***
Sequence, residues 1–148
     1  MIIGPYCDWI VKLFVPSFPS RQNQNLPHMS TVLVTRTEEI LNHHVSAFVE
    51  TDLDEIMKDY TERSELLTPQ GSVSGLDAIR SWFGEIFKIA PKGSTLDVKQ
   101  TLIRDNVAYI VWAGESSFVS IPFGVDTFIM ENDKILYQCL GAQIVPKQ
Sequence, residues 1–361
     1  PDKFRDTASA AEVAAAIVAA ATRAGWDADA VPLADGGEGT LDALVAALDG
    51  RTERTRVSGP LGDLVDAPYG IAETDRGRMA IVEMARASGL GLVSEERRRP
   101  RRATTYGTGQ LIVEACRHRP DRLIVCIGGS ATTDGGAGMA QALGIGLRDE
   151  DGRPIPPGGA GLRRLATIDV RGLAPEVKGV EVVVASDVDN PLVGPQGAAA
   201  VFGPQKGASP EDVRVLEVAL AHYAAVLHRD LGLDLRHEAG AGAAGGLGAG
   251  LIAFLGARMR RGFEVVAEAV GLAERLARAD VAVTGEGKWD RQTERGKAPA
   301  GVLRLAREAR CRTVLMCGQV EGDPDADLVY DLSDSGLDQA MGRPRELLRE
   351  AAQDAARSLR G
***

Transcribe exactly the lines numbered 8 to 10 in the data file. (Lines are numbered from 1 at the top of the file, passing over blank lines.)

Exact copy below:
   101  RRATTYGTGQ LIVEACRHRP DRLIVCIGGS ATTDGGAGMA QALGIGLRDE
   151  DGRPIPPGGA GLRRLATIDV RGLAPEVKGV EVVVASDVDN PLVGPQGAAA
   201  VFGPQKGASP EDVRVLEVAL AHYAAVLHRD LGLDLRHEAG AGAAGGLGAG